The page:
Waves of Chinese emigration (also known as the Chinese diaspora) have happened throughout history. The mass emigration, which occurred from the 19th century to 1949, was mainly caused by corruption, starvation, and war in mainland China, and economic opportunities abroad such as the California gold rush in 1849. Most emigrants were illiterate peasants and manual labourers, who emigrated to work in places such as the Americas, Australia, South Africa, Southeast Asia, and New Zealand.
Through most of China's history, strict controls[further explanation needed] prevented large numbers of people from leaving the country. In modern times, however, some have been allowed to leave for various reasons. For example, in the early 1960s, about 100,000 people were allowed to enter Hong Kong. In the late 1970s, vigilance against illegal migration to Hong Kong was again relaxed. Perhaps as many as 200,000 reached Hong Kong in 1979, but in 1980 authorities on both sides resumed concerted efforts to reduce the flow.
More liberalized emigration policies enacted in the 1980s as part of the Opening of China facilitated the legal departure of increasing numbers of Chinese who joined their overseas Chinese relatives and friends. The Four Modernizations program, which required Chinese students and scholars, particularly scientists, to be able to attend foreign education and research institutions, brought about increased contact with the outside world, particularly the industrialized nations.
In 1983, emigration restrictions were eased as a result in part of the economic open-door policy. In 1984, more than 11,500 business visas were issued to Chinese citizens, and in 1985, approximately 15,000 Chinese scholars and students were in the United States alone. Any student who had the economic resources could apply for permission to study abroad. United States consular offices issued more than 12,500 immigrant visas in 1984, and there were 60,000 Chinese with approved visa petitions in the immigration queue.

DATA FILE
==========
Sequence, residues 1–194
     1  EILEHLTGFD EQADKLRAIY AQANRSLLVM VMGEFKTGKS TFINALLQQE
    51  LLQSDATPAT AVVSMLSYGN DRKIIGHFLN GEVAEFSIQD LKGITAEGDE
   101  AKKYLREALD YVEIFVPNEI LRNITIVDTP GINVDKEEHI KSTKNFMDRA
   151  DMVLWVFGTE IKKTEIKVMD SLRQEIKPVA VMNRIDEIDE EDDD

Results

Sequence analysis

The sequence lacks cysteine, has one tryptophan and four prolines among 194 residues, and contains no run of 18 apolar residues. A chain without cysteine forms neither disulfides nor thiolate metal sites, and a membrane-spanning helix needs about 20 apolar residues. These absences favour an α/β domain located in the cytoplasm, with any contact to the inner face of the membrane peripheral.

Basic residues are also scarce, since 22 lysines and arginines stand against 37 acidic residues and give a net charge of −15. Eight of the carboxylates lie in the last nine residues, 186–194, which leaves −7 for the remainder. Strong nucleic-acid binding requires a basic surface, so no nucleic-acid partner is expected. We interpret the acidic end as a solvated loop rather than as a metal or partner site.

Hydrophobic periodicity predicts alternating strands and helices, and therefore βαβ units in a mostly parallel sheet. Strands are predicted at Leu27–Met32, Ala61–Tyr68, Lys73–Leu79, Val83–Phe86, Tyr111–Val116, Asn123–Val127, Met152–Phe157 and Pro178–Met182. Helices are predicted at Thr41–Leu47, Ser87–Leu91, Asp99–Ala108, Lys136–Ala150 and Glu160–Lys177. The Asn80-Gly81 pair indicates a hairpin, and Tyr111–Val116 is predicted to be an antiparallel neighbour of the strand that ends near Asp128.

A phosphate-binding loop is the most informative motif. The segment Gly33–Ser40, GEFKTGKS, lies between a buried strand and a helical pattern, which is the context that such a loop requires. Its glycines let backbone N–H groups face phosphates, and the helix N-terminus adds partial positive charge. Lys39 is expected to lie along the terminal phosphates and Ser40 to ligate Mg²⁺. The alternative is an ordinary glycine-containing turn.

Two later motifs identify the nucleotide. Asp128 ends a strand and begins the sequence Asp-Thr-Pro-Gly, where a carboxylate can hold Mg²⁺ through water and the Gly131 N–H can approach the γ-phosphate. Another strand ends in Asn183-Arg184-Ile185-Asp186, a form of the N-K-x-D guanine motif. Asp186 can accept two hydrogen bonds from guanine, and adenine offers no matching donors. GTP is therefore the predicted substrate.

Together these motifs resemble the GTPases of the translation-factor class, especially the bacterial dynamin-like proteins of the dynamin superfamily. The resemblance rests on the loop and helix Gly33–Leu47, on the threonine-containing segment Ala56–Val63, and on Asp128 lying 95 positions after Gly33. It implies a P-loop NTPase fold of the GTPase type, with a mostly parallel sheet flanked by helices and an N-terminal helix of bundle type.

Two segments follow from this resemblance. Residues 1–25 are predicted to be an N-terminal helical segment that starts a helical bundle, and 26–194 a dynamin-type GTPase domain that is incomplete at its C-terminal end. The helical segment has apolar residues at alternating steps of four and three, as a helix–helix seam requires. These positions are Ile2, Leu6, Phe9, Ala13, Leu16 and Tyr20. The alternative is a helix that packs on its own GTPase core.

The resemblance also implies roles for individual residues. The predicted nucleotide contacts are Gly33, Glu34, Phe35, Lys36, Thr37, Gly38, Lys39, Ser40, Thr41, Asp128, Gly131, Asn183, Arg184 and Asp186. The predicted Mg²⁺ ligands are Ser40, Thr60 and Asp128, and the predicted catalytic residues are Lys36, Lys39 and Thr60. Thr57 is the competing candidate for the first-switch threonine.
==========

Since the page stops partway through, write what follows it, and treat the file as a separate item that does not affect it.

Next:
Export of labor to foreign countries also increased. The Soviet Union, Iraq, and the Federal Republic of Germany requested 500,000 workers, and as of 1986, China sent 50,000. The signing of the United States-China Consular Convention in 1983 demonstrated the commitment to more liberal emigration policies. Both sides agreed to permit travel for the purpose of family reunification and to facilitate travel for individuals who claim both Chinese and United States citizenship. However, emigrating from China remained a complicated and lengthy process mainly because many countries were unwilling or unable to accept the large numbers of people who wished to emigrate. Other difficulties included bureaucratic delays and, in some cases, a reluctance on the part of Chinese authorities to issue passports and exit permits to individuals making notable contributions to the modernization effort.
There has additionally been a consequential component of Chinese emigration of illegal origin, most notably Fuzhou immigrants from Fujian Province and Wenzhounese from Zhejiang Province in Mainland China, specifically destined for New York City in the United States, beginning in the 1980s. Quantification of the magnitude of this modality of emigration is imprecise and varies over time, but it appears to continue unabated on a significant basis.
The only significant immigration to China has been by the overseas Chinese, who in the years since 1949 have been offered various enticements to repatriate to their homeland. Several million may have done so since 1949. The largest influx came in 1978–79, when about 160,000 to 250,000 ethnic Chinese refugees fled Vietnam for southern China, as relations between the two countries worsened. Many of these refugees were reportedly settled in state farms on Hainan Island in the South China Sea.